And six out of 10 people whose mortgage will stretch into retirement admit they have no idea how they will repay it.

An estimated 3 million homeowners will still have a mortgage in retirement with many unsure how they will pay off the debt.

Nearly six out of 10 people whose mortgage will stretch into retirement admitted they did not have a plan for settling the loan, while 19% worry about how they will be able to afford repayments.

One in 10 people aged over 55 fear that they will never be mortgage-free, according to research carried out by broker L&C Mortgages.

The study also found that a third of people who will still be repaying their mortgage during retirement think they will have to continue with some form of work in order to make ends meet.

David Hollingworth, of L&C Mortgages, said: “The fact that people increasingly have to work beyond their standard retirement age to pay off their mortgage is a concern.

“Many will see a dip in income post-retirement which could pose affordability issues for older borrowers.”

Why is this happening?

A number of factors are contributing to the growing number of people who still have a mortgage when they reach retirement age.

Higher house prices mean people are taking longer to get on to the property ladder, while there has also been an increase in mortgages that have terms that are longer than the traditional 25 years.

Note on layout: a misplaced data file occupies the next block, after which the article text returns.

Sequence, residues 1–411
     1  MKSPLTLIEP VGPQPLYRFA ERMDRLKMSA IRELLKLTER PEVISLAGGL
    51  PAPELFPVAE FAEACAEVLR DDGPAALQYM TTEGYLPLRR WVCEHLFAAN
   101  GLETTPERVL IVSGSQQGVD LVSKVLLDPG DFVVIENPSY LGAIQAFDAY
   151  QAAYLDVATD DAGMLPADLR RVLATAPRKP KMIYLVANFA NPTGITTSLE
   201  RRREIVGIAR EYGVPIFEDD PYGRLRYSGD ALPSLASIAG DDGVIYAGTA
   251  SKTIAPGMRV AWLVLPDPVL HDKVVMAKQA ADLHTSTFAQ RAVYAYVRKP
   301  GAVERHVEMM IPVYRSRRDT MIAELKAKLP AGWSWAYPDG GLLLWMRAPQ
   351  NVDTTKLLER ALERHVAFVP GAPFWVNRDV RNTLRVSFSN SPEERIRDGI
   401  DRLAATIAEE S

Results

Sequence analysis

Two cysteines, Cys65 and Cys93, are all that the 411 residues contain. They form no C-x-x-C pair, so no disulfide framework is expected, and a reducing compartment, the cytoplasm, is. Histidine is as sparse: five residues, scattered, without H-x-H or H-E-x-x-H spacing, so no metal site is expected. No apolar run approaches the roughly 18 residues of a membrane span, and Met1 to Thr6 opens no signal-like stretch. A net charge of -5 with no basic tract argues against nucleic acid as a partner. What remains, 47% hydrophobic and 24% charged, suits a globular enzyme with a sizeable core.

The study also found that a quarter of people said the reason they expected to pay back their mortgage later than planned was that they were supporting other family members financially.

But a number of homeowners are in this situation because they opted for an interest-only mortgage, without making a plan for how they would repay the capital.

Above: Three-bedroom house for sale in Plaistow, West Sussex

Who does it affect?

The situation is obviously bad news for people who reach retirement and still have a mortgage as they may struggle to meet their monthly repayments.

It may also have a knock-on effect on younger generations, as parents are less likely to be able to help their children get on to the housing ladder if they are still repaying their own home loan.

What’s the background?

People who reach retirement without repaying their mortgage have a number of options.

If they can demonstrate that their current repayments are affordable, their lender may be happy for their mortgage to continue until they are 70 or even 80.

Hollingworth said: “Mortgage options for those that can demonstrate ongoing affordability are growing in number, so it makes sense to seek advice sooner rather than later.”

If they have significant equity in their home, they could also consider moving to a smaller property or a cheaper area, which should enable them to reduce the size of their loan or even be mortgage-free.

Another option could be to take out an equity release mortgage to repay their outstanding debt.

Equity release mortgages are aimed at older homeowners. They are interest-only, with the capital and interest only paid when the homeowner either dies or sells the property.

Top 3 takeaways

  • An estimated 3 million homeowners will still have a mortgage in retirement with 58% unsure how they will pay off the debt
  • One in 10 people aged over 55 fear that they will never be mortgage-free
  • A third of people who will still be repaying their mortgage during retirement think they will have to continue with some form of work in order to make ends meet

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